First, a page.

pH is a measurement of acidic versus alkaline (or basic), and a good overall gauge of how healthy your mouth and body are. Every time you eat, the pH of your mouth becomes slightly acidic. This is totally fine and normal. But when you snack all day, it keeps your mouth acidic longer than is healthy. Eating sugar also keeps your mouth acidic longer than other foods. Acidic environments are a breeding ground for plaque build-up and decay. You can improve your pH balance by eating a bit of cheese and rinsing with water after having snacks or sugary sweets.

The Oral-Systemic Link

So, why spend all this time learning about what’s going on in your mouth?

The term “oral-systemic link” is exactly what it sounds like—the link between your oral health and the health of your general body systems. This link is your first step to fighting risk factors of decay and fighting the plaque that causes it.

Did you know if you have heart disease, you’re 50% more likely to have gum diseas, and if you have gum disease you’re 50% more likely to have heart disease?

Both diseases are issues with chronic inflammation and should be addressed together. Oral infections and bacteria in the mouth and throat are a major risk factor for heart attack and diabetes. These examples illustrate how your risk factors for poor oral health are also risk factors for larger health problems.

Your body is so connected on so many levels. Understanding the oral-systemic link will benefit the health of your mouth, your body, and your entire life. 

Fight Decay & Improve Your Health

The bottom line is that taking care of your teeth and mouth is very important for achieving and maintaining your overall health. It can even improve sleep and decrease stress! Who couldn’t use more of that?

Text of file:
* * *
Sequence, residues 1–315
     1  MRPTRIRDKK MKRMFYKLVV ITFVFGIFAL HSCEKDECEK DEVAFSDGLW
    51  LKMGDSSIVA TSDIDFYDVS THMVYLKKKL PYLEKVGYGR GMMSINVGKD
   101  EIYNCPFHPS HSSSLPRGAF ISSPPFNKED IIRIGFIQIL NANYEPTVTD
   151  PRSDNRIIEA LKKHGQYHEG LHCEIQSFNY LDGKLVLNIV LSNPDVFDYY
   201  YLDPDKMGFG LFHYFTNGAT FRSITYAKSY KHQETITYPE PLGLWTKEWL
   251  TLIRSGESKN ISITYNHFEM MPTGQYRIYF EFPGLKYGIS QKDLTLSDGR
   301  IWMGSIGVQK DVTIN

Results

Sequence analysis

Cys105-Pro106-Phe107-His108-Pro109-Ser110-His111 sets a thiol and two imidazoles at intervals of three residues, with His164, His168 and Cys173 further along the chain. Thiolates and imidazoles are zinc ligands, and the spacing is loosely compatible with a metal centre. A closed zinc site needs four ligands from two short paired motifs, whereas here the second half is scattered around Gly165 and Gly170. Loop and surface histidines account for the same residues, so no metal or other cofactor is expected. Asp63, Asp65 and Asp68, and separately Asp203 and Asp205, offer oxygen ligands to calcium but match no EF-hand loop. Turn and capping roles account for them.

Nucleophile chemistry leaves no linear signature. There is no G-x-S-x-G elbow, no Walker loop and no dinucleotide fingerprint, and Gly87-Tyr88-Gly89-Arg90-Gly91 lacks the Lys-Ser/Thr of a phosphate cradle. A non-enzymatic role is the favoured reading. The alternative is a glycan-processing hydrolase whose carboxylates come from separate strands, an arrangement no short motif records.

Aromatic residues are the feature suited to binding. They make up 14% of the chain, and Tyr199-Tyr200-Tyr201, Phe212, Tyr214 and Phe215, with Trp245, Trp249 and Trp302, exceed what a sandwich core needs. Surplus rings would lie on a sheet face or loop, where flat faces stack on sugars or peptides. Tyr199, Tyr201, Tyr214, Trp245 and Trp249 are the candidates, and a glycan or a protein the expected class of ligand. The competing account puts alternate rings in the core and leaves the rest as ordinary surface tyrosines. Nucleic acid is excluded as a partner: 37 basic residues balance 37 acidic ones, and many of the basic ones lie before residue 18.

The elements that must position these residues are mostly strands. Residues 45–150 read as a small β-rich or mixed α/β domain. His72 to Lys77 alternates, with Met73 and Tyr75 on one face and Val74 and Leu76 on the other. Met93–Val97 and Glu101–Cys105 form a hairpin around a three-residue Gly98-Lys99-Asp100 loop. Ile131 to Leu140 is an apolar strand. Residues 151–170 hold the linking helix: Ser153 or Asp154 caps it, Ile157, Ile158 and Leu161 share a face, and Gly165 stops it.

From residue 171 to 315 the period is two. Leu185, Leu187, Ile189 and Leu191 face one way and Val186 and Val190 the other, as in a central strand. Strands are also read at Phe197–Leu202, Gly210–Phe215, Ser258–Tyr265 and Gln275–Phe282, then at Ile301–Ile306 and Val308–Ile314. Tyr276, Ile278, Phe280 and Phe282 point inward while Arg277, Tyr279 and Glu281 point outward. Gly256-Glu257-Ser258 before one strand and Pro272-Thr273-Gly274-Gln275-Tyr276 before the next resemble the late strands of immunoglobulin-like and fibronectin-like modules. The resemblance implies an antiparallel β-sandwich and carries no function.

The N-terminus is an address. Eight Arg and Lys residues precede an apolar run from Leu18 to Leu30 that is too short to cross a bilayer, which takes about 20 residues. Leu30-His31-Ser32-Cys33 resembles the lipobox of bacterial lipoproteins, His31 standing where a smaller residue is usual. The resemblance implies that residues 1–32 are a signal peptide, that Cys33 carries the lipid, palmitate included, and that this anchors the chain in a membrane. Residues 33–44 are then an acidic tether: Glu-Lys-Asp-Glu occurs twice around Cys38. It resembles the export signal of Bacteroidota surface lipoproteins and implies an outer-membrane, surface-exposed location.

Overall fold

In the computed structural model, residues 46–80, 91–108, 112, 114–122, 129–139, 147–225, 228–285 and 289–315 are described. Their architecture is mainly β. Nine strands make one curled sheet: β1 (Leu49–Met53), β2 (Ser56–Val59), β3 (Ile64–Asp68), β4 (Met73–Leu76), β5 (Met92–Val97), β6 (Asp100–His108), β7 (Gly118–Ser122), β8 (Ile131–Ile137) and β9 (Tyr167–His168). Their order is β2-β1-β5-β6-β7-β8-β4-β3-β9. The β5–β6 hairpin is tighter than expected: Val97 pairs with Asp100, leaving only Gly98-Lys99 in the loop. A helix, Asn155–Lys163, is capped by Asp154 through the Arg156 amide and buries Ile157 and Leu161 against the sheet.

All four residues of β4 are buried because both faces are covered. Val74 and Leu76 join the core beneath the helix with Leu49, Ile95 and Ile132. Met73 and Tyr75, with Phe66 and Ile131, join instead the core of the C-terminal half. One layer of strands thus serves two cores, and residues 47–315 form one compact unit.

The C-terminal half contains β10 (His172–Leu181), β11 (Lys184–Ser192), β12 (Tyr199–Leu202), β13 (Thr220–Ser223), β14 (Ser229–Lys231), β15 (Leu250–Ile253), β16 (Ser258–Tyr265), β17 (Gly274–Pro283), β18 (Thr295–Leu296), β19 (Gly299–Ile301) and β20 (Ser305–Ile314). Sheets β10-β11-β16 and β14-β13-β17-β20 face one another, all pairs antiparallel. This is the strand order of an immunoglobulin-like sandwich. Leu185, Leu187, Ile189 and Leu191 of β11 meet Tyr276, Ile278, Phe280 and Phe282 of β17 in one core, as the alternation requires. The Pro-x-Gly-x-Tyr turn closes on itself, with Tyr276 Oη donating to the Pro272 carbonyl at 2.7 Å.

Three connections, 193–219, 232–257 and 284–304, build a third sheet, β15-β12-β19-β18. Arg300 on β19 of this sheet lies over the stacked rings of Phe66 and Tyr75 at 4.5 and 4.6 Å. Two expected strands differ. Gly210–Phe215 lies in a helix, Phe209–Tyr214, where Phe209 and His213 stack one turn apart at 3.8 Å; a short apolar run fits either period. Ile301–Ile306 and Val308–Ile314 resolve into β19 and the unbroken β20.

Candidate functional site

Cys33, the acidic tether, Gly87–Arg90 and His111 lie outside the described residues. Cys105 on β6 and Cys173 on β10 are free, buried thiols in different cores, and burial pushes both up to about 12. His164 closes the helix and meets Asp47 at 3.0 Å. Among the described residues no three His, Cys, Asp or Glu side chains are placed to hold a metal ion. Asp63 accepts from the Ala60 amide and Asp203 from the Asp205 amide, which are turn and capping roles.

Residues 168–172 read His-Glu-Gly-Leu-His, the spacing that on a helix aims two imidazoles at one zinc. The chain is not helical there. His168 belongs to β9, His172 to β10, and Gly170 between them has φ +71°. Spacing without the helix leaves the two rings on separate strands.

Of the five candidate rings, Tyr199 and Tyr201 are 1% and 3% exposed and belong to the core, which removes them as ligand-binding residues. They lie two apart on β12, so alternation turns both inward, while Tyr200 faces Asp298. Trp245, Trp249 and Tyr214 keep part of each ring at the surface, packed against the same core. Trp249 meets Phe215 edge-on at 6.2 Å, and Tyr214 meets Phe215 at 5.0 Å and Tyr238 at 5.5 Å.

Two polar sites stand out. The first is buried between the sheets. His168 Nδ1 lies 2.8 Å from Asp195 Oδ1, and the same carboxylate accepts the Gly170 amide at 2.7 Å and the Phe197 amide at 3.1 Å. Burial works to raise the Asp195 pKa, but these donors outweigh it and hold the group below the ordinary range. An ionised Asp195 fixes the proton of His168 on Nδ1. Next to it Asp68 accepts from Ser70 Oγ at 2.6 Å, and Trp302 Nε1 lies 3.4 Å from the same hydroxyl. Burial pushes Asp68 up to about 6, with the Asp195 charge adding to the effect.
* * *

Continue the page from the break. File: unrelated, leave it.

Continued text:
By taking good care of your mouth, you are helping prevent more serious health problems before they even start. Give your health a fighting chance, and find a dentist that will assess your risk factors and help you make healthy changes. 

Dr. Bullard in Augusta can talk with you about your health goals and help you reach them. Make an appointment at Bullard Dental to learn more about your own risk factors and how to control them!


The content of this blog is not intended to be a substitute for professional medical advice, diagnosis, or treatment. Always seek the advice of qualified health providers with questions you may have regarding medical conditions.

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About Dr. Bullard

Dr. Bullard graduated cum laude from Augusta State University with a business administration and management degree. He served as vice president of his dental class at the Medical College of Georgia where he attained his DMD degree. Rather than entering into private practice directly after dental school, he furthered his education by completing a one-year Advanced Education in General Dentistry residency at the Charlie Norwood VA Medical Center here in Augusta. Here he enriched his skills in diagnosis and treatment planning, endodontics, oral surgery, dental implants, and cosmetic dental procedures. Dr. Bullard is currently an Associate Fellow in the American Academy of Implant Dentistry.